Everybody loves the idea of cheap VoIP calls on cell phones. Everybody, that is, except for wireless carriers who charge usurious fees for voice and data plans. Cellular providers around the globe are placing restrictions on Skype for iPhone and other Internet phone services, and that’s bad news for consumers.
In the United States, AT&T limits Skype for iPhone calls to Wi-Fi connections. This means the VoIP app won’t work over AT&T’s 3G or EDGE data networks. (9to5 Mac says it got Skype to work on beta iPhone 3.0 software, but it’s likely that Apple and AT&T will close that loophole in a hurry.) In Germany, telecom giant Deutsche Telekom AG has prohibited the use of VoIP software for one and a half years. And in Canada, iPhone users won’t be allow to download Skype due to “vague restrictions” in technology licenses, according to Skype. According to a Toronto Star report, however, Canada’s cellular providers may be to blame:
“Some have speculated that the holdup is due to resistance from Canada's wireless carriers, which rely heavily on revenue from conventional voice calling.”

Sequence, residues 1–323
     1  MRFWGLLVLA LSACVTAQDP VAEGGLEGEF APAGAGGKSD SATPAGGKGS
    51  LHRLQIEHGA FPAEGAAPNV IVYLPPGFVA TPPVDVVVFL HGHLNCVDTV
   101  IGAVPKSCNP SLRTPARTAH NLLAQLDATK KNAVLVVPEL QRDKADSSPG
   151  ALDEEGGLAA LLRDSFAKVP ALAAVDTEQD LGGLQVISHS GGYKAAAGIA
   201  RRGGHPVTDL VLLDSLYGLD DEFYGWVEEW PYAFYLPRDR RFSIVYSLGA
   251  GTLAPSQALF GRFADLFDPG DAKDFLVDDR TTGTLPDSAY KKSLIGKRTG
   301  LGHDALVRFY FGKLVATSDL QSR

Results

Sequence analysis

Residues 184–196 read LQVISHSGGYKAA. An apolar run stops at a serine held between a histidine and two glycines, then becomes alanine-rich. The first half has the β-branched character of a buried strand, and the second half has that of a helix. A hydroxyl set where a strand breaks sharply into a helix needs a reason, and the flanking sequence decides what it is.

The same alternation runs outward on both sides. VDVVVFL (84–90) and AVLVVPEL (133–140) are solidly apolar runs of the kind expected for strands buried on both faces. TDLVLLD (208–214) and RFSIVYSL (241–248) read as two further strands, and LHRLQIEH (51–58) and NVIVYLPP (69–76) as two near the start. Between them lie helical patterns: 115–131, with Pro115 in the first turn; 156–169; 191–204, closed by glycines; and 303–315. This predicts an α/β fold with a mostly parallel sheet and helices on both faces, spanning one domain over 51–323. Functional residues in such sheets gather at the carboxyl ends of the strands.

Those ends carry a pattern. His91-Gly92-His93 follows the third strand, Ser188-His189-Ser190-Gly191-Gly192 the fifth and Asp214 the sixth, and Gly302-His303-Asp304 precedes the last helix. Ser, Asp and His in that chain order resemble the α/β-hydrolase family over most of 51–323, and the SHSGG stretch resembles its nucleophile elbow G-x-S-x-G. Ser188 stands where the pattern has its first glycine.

Wireless carriers have made it clear that they’re simply protecting their turf. Cellular voice plans are big moneymakers, and providers don’t intend to let low-cost VoIP upstarts like Skype take their business. But that argument doesn’t wash. ISPs that offer home Internet access -- including Comcast, AT&T, and Verizon -- aren’t allowed to cripple Net phone services like Skype and Vonage, despite the fact that VoIP providers compete with the ISPs’ home phone plans.
The wireless carriers’ actions clearly violate Net neutrality principles too. As summarized by Brad Reed of Network World, the tenets of Net neutrality, as outlined by the Federal Communications Commission in 2005, clearly side with the consumer:
“These principles state that networks must allow users to access any lawful Internet content of their choice, to run any legal Web applications of their choice, and to connect to the network using any device that does not harm the network. Additionally, the principles state that consumers are ‘entitled to competition among network providers, application and service providers and content providers.’ ”
This doesn’t mean that wireless carriers will unshackle VoIP anytime soon. But with enough consumer outcry and a little governmental assistance, they may be forced to.